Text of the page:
It’s been three years since your last vacation and you have the opportunity to go to an exotic destination somewhere in another part of the world. You’ve wanted to go there for a long time and here’s your chance. But you have a parrot. What do you do? You want to go, but you don’t want to leave the little guy with anyone else because you’re afraid that:
1. He’ll be traumatized for the rest of his life.
2. You feel you are the only one that can properly take care of him. 3. He may not be traumatized, but he’ll be mad at you and sulk and perhaps never forgive you.
This will most likely never happen and here is why.
Many people are concerned that this is going to traumatize their bird. They feel that if they leave, their little guy is going to sulk and get all worked up because they’re gone.
I’m going to break it to you gently: This probably isn’t going to happen.
Parrots are pretty adaptable creatures that adjust to change. They’ve been doing it in the wild for eons and will continue as conditions change. In Nature, they have to be flexible and they have to figure out problems. This adaptability comes naturally to them or they would not survive.
They’re pretty good little problem solvers and if you leave in the morning to go to work, or step out to go to the grocery store, they don’t have a cow about that.
This may be for a longer period of time, but they will adjust.
I’ve boarded a few birds for friends in my home in my time and I’ve never seen a traumatized or angry bird when the family member returned to pick him up. Rather they seemed genuinely happy their family member came back and they were very happy to be reunited with them.
I’ve had to board my 3 Greys a time or two. I brought them to a friend’s house who has far more time and far more experience with birds than I do. As a matter of fact, two of of the Greys I adopted were placed with me by her so they lived with her for a few months before they were placed with me. She is also their groomer and despite this “grooming trauma” every now and then, they still like her.
When I went to work at the Cincinnati Zooas a guest keeper for a writing project, I schlepped them over to her home to stay with her and it wasn’t a problem. I returned from Cincinnati, they came back home with me and life went on. No fuss, no trauma and no hurt feelings.
Occasionally you might see a little bit of “acting out”; a parrot that returns home will turn his back on you or appear put out for a while, but that never has lasted more than a day or two from what I’ve heard. So I wouldn’t be too concerned about this if it happens.
There are two ways you can ensure your birds are cared for while you go on a vacation. You can board your bird with a reputable person, or you can have someone come in daily to care for them. Some people prefer having someone come in a few times a day because they feel it’s less traumatic than moving the bird and all of his stuff to another location.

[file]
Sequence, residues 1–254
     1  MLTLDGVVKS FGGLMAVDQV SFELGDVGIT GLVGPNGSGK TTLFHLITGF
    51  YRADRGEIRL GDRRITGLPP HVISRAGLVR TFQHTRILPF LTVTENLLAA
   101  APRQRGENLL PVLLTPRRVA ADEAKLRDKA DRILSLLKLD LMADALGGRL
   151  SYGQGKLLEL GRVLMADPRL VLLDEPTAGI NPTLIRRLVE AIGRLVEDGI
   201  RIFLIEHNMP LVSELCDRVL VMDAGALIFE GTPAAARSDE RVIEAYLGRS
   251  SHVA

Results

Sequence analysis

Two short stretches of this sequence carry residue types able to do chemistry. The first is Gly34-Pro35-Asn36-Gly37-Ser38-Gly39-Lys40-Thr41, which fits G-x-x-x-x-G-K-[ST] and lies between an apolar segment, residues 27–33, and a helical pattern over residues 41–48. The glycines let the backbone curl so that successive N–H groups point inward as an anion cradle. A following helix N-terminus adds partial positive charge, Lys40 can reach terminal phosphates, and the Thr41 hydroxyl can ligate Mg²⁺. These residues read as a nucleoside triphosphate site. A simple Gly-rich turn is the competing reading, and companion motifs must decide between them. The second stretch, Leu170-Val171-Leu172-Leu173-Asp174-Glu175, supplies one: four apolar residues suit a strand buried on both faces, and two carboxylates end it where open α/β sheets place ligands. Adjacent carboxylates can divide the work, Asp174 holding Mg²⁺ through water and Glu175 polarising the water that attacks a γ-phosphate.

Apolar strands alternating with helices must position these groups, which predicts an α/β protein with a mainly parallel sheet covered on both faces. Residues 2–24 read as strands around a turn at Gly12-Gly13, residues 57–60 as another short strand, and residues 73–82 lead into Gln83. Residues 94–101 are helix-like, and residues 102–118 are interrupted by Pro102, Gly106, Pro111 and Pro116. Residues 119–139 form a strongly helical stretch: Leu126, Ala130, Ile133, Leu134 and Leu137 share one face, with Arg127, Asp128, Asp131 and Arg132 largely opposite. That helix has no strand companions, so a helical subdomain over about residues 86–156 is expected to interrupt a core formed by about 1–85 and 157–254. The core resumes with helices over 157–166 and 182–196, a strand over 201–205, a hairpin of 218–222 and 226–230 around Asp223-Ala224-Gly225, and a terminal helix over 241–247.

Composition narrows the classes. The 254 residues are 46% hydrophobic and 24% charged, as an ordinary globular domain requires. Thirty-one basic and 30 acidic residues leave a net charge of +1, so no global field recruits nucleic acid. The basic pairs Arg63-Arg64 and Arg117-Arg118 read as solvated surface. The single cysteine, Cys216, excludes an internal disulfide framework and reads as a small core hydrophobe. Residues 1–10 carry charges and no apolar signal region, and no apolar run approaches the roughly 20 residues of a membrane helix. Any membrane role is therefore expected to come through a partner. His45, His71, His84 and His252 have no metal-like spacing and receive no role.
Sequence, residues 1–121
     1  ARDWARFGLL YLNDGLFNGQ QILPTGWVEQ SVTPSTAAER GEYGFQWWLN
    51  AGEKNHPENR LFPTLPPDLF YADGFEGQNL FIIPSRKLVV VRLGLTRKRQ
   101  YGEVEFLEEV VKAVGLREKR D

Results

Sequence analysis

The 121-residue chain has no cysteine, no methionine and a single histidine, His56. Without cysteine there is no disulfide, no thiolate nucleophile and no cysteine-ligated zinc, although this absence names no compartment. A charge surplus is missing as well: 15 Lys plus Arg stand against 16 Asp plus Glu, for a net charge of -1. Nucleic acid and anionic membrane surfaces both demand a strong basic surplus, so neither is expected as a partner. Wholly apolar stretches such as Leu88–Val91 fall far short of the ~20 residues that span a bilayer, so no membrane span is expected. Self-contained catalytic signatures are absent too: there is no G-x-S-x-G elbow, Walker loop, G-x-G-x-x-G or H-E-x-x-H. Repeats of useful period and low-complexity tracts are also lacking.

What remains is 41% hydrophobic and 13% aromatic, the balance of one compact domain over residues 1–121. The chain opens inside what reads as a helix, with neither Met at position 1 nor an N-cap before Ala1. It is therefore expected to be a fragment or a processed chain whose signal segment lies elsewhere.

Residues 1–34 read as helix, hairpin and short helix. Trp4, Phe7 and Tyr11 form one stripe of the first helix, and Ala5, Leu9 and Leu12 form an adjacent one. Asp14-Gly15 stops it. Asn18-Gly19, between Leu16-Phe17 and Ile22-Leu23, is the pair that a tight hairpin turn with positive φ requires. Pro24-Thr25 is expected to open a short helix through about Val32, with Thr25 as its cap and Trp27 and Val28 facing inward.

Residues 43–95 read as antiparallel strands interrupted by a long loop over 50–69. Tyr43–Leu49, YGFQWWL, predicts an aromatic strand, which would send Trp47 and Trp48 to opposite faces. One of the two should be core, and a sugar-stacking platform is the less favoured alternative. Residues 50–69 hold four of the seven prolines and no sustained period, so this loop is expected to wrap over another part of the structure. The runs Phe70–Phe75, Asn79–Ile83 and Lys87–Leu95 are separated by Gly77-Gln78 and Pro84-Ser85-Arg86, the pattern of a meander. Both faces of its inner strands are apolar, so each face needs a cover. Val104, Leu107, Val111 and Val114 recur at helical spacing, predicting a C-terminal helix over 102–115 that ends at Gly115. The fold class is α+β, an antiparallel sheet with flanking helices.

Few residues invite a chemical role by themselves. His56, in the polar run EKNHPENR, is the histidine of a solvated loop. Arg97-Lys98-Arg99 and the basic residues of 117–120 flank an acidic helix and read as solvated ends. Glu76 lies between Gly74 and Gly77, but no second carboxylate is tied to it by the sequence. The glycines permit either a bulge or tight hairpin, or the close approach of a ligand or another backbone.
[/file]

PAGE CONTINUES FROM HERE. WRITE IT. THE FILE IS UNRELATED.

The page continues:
I’m pretty lucky. I have two close friends who help me with my three parrots. My home is in a condominium building and two of my neighbors in the building are totally competent in caring for my birds. They have established friendships with them that are completely separate from their relationship with me. When I returned from a two week volunteer stint at Best Friends Animal Society, I walked in the door of my home and found Bill sitting with Pepper on his foot and Nan with Parker on her knee. They looked at me and it was as if they were saying, “Oh, hello. Where have you been?” But there was no sulking, no issues and no unusual behavior of any kind. It was as if I had just gone to work and come back that night as usual.
The ones that occasionally act up are the human families. When my friend Bill, who lives in my building had to leave to help a friend work on his house, he would call almost every night so I could put the Greys on the speaker phone.
He would have me get a nut and he would ask them to do tricks over the phone. And yes, they did recognize his voice and did the tricks for him!
It was funny the first few times but after about two weeks it got a little old. But I did it for Bill. I don’t really think the birds gave a hoot one way or the other aside from the opportunity to earn a nut, but Bill needed the contact despite the fact that he couldn't see them. He did enjoy hearing them say “Thank you.” when he asked them what the magic words were as well as hearing them say their name.
We all need a bit of a change. So I simply wouldn’t worry about taking some time out for yourself. You’ll come back refreshed, relaxed and renewed. And this will do nothing but improve your relationship with your flock.
I also feel that the change-up in routine is good for them. Keeping things fresh with new routines, new people and even a different environment once in a while is something we all need. I believe it’s in everyone’s nature to enjoy meeting new people, seeing new things and trying something different. I feel that our birds are no different than us in that sense.
Which is why you need to take that vacation.